How to run an NEMT business in more than one state
There comes a point in every business owner’s journey when they decide it’s time to strive for growth. This thought may be in the back of your mind as you work through your days, but when you consciously make a decision to become better, that’s when the magic happens. Maybe you’re looking to expand your client portfolio, or perhaps you have dreams of growing your business to operate in multiple states. These are both great goals, and if you want to achieve them, you have to start somewhere. We’ve outlined some tips to get you thinking about your priorities, where you want your business to be in five years, and how to get there.
Understand the specifics of what you want
Want to take on more customer opportunities? Then you’ll need more vehicles. Hoping to work with private pay customers? You’d better have a passenger app that supports trip booking and payments. The point is, if you have a goal, you need to first understand what tools you need to make it a reality. By examining the goal at large and the steps you should take to achieve it, you’ll have a clear roadmap of where you are now, and how you can ultimately get to a better place with your business.
Have a five-year plan
We know, this sounds like a hypothetical interview question that you fake your way through to sound like a real planner. But this time, it’s necessary. If you’re running an NEMT business, you probably aren’t planning on calling it quits after a year or two. It can be difficult to think about what your business could look like this far in advance, but that’s the beauty of planning—you can map out your dream vision and figure out what it will take to make it a reality. If this type of planning isn’t in your wheelhouse, hiring a business advisor is never a bad idea. Five years might sound like a long time into the future, but when you’re running a business, time flies. It’s better to be prepared if you want to remain successful.
Create a realistic budget
Detailed budgeting is an absolute must when you’re running a non-emergency medical transportation business. Start-up expenses can be costly, and since you don’t know when you’ll become profitable, it’s best to play it safe on the financial side of things. Three big areas you’ll want to budget for are the following:
If you own a personal vehicle or have a driver’s license, you already know that you need insurance before you can legally operate a vehicle. The same is true at your NEMT business. You’ll need to purchase insurance that covers both your fleet and your team of drivers. Considering the liability you’ll face if there’s an accident, you should invest in reliable insurance. It will be pricey, but it’s well worth the cost to ensure everything is properly protected.
If you’re only planning on doing ambulatory trips, you can use your own personal vehicles for transport, if you prefer. As you grow, you may need to invest in additional vehicles, or you might not want to put added miles on your own vehicles, but it’s an option if you’re not looking to purchase new vehicles yet. On the other hand, if you’re going to be doing wheelchair and stretcher trips, you need special, ADA-compliant vehicles. These vehicles can be quite expensive, so if you’re hoping to take on wheelchair trips, we recommend checking out used vehicle options before paying for a brand-new one. Additionally, it’s important to note that if you’re transporting passengers in wheelchairs or stretchers, this will increase the price you pay for insurance due to liability.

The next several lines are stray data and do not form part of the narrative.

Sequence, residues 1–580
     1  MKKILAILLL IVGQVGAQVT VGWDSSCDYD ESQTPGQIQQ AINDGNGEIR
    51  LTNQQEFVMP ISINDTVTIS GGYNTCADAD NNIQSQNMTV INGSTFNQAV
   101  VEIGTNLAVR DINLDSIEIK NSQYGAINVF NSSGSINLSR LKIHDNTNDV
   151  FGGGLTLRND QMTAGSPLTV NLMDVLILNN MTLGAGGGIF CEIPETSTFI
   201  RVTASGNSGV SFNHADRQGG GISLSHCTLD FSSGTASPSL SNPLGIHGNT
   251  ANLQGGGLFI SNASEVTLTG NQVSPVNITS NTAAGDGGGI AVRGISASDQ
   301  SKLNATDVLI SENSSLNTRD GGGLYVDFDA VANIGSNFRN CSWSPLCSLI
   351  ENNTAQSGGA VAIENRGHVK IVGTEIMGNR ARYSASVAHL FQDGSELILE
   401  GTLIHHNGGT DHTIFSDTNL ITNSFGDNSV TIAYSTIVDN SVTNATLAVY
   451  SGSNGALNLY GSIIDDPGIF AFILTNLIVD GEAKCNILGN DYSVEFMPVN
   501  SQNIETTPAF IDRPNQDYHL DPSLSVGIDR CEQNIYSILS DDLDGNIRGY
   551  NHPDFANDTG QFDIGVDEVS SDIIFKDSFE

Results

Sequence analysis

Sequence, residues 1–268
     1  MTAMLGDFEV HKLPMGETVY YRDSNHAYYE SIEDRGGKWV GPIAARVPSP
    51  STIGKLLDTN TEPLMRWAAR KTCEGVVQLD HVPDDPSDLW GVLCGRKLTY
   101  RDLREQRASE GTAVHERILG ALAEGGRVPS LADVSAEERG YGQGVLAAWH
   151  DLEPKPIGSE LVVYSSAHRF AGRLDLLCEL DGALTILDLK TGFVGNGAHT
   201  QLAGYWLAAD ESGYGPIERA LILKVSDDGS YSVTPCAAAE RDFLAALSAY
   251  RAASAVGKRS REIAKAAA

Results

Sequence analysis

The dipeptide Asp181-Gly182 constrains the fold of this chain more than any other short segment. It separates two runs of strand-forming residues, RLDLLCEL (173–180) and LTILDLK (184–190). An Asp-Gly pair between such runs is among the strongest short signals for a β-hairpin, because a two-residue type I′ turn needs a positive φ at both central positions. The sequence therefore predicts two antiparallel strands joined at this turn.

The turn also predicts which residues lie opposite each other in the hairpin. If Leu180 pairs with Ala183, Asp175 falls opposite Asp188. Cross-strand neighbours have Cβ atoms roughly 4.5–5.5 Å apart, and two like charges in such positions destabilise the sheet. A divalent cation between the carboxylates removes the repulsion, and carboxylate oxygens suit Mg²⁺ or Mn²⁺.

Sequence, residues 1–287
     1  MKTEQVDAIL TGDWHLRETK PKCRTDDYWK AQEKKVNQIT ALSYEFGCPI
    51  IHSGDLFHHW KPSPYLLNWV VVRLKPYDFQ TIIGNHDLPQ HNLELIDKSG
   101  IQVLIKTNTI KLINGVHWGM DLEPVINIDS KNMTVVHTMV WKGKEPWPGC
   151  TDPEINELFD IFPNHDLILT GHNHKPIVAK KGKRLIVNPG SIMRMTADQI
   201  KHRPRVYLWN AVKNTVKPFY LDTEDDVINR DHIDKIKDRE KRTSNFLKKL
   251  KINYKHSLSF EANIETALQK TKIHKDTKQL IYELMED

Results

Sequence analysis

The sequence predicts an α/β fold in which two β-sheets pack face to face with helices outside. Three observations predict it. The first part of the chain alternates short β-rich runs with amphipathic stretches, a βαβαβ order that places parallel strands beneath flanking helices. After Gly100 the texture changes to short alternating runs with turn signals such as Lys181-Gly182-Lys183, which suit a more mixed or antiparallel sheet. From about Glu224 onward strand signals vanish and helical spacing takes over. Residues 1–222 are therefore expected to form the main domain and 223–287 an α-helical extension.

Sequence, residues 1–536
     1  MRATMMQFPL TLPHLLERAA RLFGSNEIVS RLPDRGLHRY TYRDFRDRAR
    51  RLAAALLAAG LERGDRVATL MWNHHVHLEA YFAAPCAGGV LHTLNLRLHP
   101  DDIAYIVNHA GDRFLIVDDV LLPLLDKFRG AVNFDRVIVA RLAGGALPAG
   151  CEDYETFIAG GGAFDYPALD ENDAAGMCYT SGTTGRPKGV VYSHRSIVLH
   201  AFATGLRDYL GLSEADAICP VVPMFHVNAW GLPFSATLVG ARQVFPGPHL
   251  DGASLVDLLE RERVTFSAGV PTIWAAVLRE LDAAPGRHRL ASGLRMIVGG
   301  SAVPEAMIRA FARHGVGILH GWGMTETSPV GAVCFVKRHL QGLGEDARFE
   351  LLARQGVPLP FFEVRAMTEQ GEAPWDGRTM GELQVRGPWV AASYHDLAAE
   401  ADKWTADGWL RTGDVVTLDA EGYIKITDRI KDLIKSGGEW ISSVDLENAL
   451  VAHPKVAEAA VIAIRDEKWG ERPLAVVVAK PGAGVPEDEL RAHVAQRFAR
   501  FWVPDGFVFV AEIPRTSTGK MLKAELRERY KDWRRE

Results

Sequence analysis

You might not need an office right away, but as your business grows, you’re going to need a space to store your vehicles and set up your team of dispatchers. Office expenses should be a considerable portion of your budget. Luckily, the cost is fairly predictable if you’re willing to do some research. For starters, you’re either going to rent or buy a building. Either way, it’s easy enough to do some digging on average costs in your area and begin looking into options when the time comes. Beyond the price you’ll pay for your space, you’ll need to budget for computers and other technology, toiletries, food and beverage, desks, and anything else you know you’ll need. Some of these supplies may be ongoing, too, so that’s something worth tracking when you start purchasing supplies.
Nail down your competitive advantage
If you want to be successful, you need to understand what sets your business apart from others. Those hoping to expand their business to different states can definitely consider that an advantage—especially if you’re willing to travel from one state to another for your clients. For instance, a patient might live in New York but need special treatment in Ohio twice a month. Most transportation companies wouldn’t travel that distance, but if you’re willing to, you’ll become the top choice for long-distance transportation. If you aren’t planning on becoming a long-distance transportation provider, there are plenty of other ways to stand out. Figure out what that is, and you’re golden.
Commit to software
Non-emergency medical transportation routing software is something that should definitely be on your radar when you have at least five vehicles in your fleet and you’re regularly completing trips. Software automates your operations to save time and money while boosting your efficiency. If you’re at this point in your business, we’d love to get in touch to discuss software options. Contact the team at iSi Technology when you’re ready to find a solid software platform for your company.